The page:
Most of a lemon. Original recipe suggests 2 unwaxed lemons. My mother suggests a couple of slices and maybe some lemon zest “depending on how lemony you want it”. I compromise on three quarters of a lemon lurking in the fridge.
1.2 litres water. Aha – this one I can do.

Picture of a bowl of elderflowers

So pretty. Apart from the insects


1. Shake the elderflowers to evict any lingering insects, ideally over a plate rather than over the whole kitchen. Try pinching off the really tenacious ones, and flap ineffectually with some kitchen towel at the rest. Put the flowers in a bowl.

2. Measure the water into a really big saucepan, pour in the enormous amount of sugar, and bring it all up to the boil. Stir until the sugar has dissolved.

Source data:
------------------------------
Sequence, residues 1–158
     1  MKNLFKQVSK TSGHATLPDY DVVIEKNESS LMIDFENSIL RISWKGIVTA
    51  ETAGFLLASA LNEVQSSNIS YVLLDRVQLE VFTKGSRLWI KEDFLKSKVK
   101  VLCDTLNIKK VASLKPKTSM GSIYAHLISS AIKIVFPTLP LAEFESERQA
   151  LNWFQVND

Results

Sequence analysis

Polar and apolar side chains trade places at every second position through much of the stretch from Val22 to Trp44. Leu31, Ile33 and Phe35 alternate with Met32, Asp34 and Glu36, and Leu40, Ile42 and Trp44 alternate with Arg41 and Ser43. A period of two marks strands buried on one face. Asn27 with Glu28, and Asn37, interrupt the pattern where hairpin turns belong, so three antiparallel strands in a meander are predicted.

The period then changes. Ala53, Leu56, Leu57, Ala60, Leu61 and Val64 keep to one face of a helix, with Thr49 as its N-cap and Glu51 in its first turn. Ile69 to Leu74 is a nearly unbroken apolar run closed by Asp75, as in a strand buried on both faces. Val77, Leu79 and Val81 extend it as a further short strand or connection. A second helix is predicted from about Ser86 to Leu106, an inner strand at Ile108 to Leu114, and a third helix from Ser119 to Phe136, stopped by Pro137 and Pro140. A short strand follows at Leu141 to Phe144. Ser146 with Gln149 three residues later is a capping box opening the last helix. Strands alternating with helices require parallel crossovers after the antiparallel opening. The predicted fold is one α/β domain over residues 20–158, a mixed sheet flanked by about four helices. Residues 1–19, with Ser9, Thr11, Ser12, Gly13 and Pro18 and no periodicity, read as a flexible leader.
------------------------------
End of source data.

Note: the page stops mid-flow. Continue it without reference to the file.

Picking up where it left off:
3. Meanwhile, slice your lemon, discarding the pointy ends.

Picture of a pan containing elderflowers, lemon, sugar, citric acid and water

Cordial the day before…

4.When the syrup is boiling, take it off the heat, then dump in the lemon, citric acid and elderflower heads and stir. Put a tea towel over the pan or put the lid on, and leave it at room temperature for 24 hours.

Picture of a pan a day later with the ingredients for elderflower cordial

…and 24 hours afterwards


Sieving cordial through muslin into a jug

From the top: cordial and lemon slices, butter muslin, sieve, plastic container


5. The next day, put a sieve on top of a large container, and then line the sieve with butter muslin. Try to avoid any temptation to strain your elderflower cordial straight down the sink. Feel smug that the butter muslin you bought to make yogurt cheese is coming in handy for another recipe.

Picture of muslin after straining the elderflower cordial

Feel glad the muslin is catching any lingering insects


6. Pour the cordial onto the muslin, and let it drip through. You may need to keep topping up the sieve.